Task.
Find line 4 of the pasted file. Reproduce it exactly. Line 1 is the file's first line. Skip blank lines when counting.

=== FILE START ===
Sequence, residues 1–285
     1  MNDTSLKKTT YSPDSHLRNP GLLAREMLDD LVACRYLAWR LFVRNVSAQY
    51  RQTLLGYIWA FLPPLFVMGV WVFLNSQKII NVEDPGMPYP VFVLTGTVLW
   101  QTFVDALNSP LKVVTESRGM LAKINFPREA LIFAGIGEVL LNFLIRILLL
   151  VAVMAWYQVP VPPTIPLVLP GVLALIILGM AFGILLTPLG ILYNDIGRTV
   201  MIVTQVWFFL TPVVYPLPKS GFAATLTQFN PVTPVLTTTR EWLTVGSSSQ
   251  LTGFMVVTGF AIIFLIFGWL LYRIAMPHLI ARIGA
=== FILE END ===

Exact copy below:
   101  QTFVDALNSP LKVVTESRGM LAKINFPREA LIFAGIGEVL LNFLIRILLL